In December 2009, the ERRC began work on a study commissioned by the Fundamental Rights Agency concerning the movement of Romani EU citizens within the EU, focusing on the movement of Roma to Finland, France, Italy, Spain and the United Kingdom. The ERRC is implementing this study in consortium with Fundacíon Secretariado Gitano (FSG), Fédération nationale des associations solidaires (FNASAT), Finnish League for Human Rights (FLHR), European Roma Information Office (ERIO), European Dialogue (ED) and several independent expert researchers. Within this study, the ERRC will conduct qualitative research on the respect, protection and promotion of the right of Romani EU citizens to move freely and reside in other EU Member States, in order to provide the FRA, EU institutions and Member States with important information for the development of effective policies and measures to address the needs of this population.

The study involves the following components:

  • A literature review to survey the available information concerning the migration patterns of Roma; push and pull factors contributing to Romani migration; and qualitative information on the situation of Romani migrants in the country of destination;
  • Field research in each country of destination based on a specific research methodology; interviews will be conducted with Romani individuals, local authorities working with Roma from other EU Member States and civil society organisations working with Roma from other EU Member States;
  • The development of case studies in each of the five destination countries to provide examples of positive and negative measures, showcase approaches and map local cooperation;
  • The development of a comparative report to synthesise all identified data on the movement of Roma within the EU;
  • The development of a report on best practices describing successful approaches to addressing the needs of Roma from other EU Member States; and
  • The development of policy and programming recommendations to local and national government authorities and European institutions.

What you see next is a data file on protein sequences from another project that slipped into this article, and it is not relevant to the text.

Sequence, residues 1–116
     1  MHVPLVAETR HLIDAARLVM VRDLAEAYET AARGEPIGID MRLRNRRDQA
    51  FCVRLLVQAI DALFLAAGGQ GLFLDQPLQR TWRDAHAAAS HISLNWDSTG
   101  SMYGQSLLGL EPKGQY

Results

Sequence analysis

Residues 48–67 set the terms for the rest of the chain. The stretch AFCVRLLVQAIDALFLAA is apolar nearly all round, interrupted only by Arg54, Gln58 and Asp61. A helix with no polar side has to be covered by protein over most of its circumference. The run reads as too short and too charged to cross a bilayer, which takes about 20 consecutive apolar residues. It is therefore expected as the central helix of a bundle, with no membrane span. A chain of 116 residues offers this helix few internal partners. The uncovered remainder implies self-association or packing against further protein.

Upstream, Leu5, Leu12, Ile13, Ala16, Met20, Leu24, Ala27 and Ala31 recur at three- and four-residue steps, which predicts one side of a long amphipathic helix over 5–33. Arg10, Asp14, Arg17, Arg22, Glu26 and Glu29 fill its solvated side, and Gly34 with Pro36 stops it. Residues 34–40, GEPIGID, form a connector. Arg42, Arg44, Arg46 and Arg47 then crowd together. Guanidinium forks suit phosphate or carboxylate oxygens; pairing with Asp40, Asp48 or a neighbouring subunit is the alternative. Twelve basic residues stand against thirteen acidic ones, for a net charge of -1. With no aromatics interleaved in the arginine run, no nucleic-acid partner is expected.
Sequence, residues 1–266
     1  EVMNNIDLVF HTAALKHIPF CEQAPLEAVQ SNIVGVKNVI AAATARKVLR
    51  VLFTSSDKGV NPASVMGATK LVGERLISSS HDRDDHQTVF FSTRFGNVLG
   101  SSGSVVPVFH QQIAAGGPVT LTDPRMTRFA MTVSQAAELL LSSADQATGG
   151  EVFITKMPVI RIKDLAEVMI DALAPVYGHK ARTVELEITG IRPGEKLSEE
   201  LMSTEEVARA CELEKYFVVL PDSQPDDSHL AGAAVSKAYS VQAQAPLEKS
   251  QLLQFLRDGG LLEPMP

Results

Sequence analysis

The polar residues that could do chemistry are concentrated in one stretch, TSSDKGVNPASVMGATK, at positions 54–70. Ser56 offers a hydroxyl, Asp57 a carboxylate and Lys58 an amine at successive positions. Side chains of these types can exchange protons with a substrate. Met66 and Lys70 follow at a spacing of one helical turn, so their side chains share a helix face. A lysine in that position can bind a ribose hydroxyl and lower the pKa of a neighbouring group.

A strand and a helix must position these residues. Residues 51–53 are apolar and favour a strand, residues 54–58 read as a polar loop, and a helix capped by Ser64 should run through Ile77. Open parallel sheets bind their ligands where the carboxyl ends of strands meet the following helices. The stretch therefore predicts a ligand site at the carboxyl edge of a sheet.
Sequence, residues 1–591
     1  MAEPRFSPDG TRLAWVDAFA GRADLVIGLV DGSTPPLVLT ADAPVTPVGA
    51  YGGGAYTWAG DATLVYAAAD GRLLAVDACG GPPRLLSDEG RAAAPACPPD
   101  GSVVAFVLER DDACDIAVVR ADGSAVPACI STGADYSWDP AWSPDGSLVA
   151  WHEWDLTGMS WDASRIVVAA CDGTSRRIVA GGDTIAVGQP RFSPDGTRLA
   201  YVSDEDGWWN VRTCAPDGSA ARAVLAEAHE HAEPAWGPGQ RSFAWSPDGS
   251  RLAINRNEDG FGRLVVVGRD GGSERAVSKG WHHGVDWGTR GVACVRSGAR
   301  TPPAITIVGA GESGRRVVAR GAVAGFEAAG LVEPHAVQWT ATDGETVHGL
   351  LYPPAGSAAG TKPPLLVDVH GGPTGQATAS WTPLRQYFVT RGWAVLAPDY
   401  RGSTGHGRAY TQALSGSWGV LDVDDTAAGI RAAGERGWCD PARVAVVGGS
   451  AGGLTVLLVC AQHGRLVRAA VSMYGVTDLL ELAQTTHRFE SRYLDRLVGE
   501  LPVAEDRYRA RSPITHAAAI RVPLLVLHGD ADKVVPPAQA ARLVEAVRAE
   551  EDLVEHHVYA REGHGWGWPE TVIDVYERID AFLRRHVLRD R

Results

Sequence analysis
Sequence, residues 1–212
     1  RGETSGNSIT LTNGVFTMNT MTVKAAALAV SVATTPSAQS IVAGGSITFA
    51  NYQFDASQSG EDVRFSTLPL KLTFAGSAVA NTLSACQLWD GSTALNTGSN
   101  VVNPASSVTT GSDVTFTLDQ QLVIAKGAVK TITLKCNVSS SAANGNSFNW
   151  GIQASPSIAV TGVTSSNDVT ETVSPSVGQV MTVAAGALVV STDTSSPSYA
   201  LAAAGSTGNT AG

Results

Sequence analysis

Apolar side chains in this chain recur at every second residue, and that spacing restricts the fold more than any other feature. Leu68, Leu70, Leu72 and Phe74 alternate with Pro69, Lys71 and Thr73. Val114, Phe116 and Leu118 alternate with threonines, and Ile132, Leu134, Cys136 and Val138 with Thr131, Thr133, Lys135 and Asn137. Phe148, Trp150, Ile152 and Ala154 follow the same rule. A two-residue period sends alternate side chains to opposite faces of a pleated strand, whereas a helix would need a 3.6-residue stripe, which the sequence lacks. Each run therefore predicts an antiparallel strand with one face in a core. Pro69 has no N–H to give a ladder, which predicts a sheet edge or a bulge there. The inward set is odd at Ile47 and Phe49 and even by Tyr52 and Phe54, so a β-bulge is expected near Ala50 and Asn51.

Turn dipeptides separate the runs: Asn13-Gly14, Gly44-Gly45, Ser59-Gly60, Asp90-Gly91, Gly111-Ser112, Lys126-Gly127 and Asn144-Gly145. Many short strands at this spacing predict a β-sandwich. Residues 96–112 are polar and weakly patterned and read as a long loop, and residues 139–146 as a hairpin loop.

The final report is available on the FRA website.

For further information on this project, please contact Catherine Twigg at:

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ERRC submission to UN HRC on Hungary (February 2018)

14 February 2018

Written Comments of the European Roma Rights Centre concerning Hungary to the UN Human Rights Committee for consideration at its 122nd session (12 Narch - 6 April 2018).

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The Fragility of Professional Competence: A Preliminary Account of Child Protection Practice with Romani and Traveller Children in England

24 January 2018

Romani and Traveller children in England are much more likely to be taken into state care than the majority population, and the numbers are rising. Between 2009 and 2016 the number of Irish Travellers in care has risen by 400% and the number of Romani children has risen 933%. The increases are not consistent with national trends, and when compared to population data, suggest that Romani and Traveller children living in the UK could be 3 times more likely be taken into public care than any other child. 

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Families Divided: Romani and Egyptian Children in Albanian Institutions

21 November 2017

There’s a high percentage of Romani and Egyptian children in children’s homes in Albania – a disproportionate number. These children are often put into institutions because of poverty, and then find it impossible ever to return to their families. Because of centuries of discrimination Roma and Egyptians in Albania are less likely to live in adequate housing, less likely to be employed and more likely to feel the effects of extreme poverty.

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